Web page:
Demography of a declining Dunlin (Calidris alpina arcticola): influences on adult survival and mate fidelity of an Arctic-breeding migratory shorebird

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2024-03-15
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Virginia Tech
Abstract

Understanding what restricts vital rates is crucial in conservation efforts. For migratory birds, vital rates can be impacted by conditions experienced throughout the year. Migratory shorebird populations are rapidly declining, including populations of Dunlin (Calidris alpina arcticola), an Arctic-breeding shorebird. Prior adult survival estimates (0.41– 0.60) appeared insufficient to maintain a stationary population, however, it was unclear if estimates were reflective of bias or a real survival signal. Additionally, C. a. arcticola mate fidelity has yet to be determined, and because demographic rates can be linked to breeding ecology, understanding factors affecting both adult survival and mate fidelity might illuminate specific constraints on demographic rates for this species. I used a Barker (1997) model to estimate true survival (unbiased relative to fidelity) rates of adult C. a. arcticola using 19 years (2003 – 2021) of mark-recapture data and environmental data, collected from a breeding area, Utqiaġvik, Alaska, U.S.A. Breeding site data were supplemented with resighting observations and habitat data from non-breeding sites in eastern Asia (Japan, China, Taiwan). I examined breeding site environmental (temperature, snow melt date, precipitation) and ecological (predator abundance and predator-prey cycles, food resources, shorebird nesting density) in conjunction non-breeding site habitat (area of intertidal extent) effects on survival estimates. True survival averaged 0.62 (95% C.I. 0.50 – 0.72), and marginally declined six percent throughout the study period. Survival was positively related to intertidal extent on non-breeding grounds and heavy precipitation events on the breeding grounds; with precipitation influence on survival likely being driven by outliers in the data. I propose intertidal habitat (which declined 22% across 19 years) is likely a core driver of low survival rates. These results enforce that low adult survival rates are suppressing C. a. arcticola populations, as while other demographic rates (reproductive output, breeding propensity) are comparable with North American Arctic-breeding C. alpina subspecies, both adult survival rates and estimated population growth remain relatively lower. I emphasize that conservation efforts should be focused at areas currently losing intertidal habitat within the East Asian-Australasian Flyway to mitigate future C. a. arcticola declines. Using C. a. arcticola breeding site data, I tested four hypotheses to understand divorce in C. a. arcticola: the better option hypothesis, in which divorce improves reproductive success by obtaining a higher quality mate; the habitat mediated hypothesis, when divorce might occur if an opportunity exists to nest at a higher quality site than the prior breeding season; musical chairs, in which divorce is related to site-specific settlement choices upon arrival to the breeding grounds; and bet-hedging, in which divorce is more likely when mates arrive to the breeding grounds asynchronously, and an individual will pair with a new mate to avoid the cost of waiting for a previous mate to return to it. I used a logistic regression model to investigate effects on C. a. arcticola divorce with environmental and ecological factors that might influence divorce. Of the females nesting in consecutive years, 20% of those females divorced; and in the cases of males nesting in consecutive years, 55% of those males divorced. Both sexes were more likely to divorce when there was greater availability of experienced mates on the breeding grounds, significantly in males (β = 0.81, 95% CI = -0.65 – 2.28), compared to females (β = 1.27, 95% CI = 0.28 − 2.25). The results indicate males divorce behavior supports the better-option hypothesis, in which males divorced to "upgrade" to a mate with more breeding experience than their prior mate. However, male divorce behaviors also supported the bet-hedging hypothesis, as evidenced by similar nest initiation dates between divorced and reuniting males, which indicated males may divorce to avoid reproductive costs associated with waiting for a later-returning mate. Female divorce behavior was linked to either the habitat-mediated hypothesis, in which individuals attempt to acquire better habitat than their prior breeding site, or the better-option hypothesis, both evidenced by divorced females improving their reproductive success from the prior year. Divorced females exhibited higher egg success rates compared to divorced males, indicating females are likely the sex breaking the pair. Together, the results present novel information concerning C. a. arcticola. The first chapter presents direct connections between intertidal habitat loss and lower adult survival, and enforce calls for restoration of Asian intertidal areas along flyways to aid the conservation of migratory shorebirds. The second chapter provides the first estimates of C. a. arcticola mate fidelity and insight towards better understanding migratory shorebird breeding ecology.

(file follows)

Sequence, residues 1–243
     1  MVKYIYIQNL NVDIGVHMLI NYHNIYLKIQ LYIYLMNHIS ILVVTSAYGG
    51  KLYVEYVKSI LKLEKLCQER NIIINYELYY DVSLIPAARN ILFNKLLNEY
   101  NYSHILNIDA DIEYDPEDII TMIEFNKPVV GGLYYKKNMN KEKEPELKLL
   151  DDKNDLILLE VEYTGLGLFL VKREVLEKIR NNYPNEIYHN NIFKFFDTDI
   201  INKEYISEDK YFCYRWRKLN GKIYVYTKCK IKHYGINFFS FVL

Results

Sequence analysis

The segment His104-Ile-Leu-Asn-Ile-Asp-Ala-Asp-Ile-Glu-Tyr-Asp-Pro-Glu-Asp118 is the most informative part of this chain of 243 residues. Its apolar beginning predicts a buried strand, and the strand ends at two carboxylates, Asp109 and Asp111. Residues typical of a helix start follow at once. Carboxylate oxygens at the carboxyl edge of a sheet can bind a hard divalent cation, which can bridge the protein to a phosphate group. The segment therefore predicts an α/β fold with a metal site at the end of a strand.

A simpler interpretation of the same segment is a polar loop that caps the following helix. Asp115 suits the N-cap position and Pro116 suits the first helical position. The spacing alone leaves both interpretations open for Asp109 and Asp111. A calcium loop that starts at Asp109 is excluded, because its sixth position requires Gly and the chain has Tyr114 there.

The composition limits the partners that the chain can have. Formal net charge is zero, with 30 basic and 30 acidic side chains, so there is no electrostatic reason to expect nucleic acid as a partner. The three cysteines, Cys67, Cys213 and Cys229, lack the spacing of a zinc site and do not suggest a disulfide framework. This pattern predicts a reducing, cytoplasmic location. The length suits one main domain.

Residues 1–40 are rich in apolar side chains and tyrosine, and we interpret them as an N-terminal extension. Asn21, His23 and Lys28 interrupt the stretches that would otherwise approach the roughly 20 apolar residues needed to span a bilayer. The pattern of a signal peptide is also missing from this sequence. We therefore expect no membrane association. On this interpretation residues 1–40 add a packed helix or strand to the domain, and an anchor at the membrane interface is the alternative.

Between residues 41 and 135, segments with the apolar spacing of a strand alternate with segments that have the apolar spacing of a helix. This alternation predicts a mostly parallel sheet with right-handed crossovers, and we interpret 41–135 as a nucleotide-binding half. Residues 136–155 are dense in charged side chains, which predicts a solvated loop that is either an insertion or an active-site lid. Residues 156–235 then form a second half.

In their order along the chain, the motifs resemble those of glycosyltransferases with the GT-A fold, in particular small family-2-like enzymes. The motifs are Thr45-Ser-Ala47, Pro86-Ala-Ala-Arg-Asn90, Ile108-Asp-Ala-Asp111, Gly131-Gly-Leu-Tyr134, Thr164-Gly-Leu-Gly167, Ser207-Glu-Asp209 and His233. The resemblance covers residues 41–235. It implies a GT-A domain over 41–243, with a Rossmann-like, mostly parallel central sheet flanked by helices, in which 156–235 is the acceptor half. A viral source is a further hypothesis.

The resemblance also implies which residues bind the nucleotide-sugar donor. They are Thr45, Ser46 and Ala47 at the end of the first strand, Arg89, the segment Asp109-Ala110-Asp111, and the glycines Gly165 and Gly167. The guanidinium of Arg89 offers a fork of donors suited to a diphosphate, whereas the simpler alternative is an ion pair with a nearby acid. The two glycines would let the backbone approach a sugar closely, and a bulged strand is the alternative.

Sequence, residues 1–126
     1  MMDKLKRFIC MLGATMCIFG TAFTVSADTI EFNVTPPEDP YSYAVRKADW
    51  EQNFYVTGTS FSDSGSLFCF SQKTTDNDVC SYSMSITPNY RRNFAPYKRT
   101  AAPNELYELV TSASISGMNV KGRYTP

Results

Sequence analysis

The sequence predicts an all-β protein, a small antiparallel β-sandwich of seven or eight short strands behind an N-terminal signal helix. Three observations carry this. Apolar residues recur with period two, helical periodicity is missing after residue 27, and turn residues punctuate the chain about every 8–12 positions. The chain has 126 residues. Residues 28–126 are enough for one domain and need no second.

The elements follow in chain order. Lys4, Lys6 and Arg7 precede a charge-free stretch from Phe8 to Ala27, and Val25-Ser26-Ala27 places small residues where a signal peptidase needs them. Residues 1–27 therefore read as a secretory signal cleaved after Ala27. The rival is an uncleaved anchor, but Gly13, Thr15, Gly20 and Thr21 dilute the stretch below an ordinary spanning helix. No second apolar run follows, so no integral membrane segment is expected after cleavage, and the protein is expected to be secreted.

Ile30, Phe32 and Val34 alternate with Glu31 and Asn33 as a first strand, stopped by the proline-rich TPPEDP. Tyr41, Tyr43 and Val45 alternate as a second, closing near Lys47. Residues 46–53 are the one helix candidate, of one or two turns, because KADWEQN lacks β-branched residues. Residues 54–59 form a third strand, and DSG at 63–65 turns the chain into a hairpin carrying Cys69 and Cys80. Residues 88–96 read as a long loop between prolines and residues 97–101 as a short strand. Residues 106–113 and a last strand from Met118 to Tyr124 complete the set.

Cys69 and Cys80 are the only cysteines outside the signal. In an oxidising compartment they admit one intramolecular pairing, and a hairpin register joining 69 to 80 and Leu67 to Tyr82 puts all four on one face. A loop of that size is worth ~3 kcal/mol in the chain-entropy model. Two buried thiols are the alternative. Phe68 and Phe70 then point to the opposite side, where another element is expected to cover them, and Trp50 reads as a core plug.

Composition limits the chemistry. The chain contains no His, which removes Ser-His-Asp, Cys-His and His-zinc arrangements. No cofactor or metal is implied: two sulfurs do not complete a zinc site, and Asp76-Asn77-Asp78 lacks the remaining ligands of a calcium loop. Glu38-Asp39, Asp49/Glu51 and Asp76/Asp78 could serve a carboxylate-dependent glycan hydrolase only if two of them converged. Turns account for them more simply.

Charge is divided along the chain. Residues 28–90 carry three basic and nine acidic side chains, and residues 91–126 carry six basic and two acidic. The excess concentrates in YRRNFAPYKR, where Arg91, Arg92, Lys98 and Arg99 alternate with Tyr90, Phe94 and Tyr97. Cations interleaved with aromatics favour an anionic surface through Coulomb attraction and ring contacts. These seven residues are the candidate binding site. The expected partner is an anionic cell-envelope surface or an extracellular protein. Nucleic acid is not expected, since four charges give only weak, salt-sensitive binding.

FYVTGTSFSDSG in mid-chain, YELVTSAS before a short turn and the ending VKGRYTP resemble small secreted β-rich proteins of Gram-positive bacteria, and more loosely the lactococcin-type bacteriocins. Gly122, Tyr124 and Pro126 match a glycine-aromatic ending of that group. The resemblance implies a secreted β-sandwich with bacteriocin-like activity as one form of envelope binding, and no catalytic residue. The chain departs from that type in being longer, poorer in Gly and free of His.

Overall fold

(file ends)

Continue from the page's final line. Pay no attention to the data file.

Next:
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survival, conservation, habitat, mate fidelity, climate change, shorebirds
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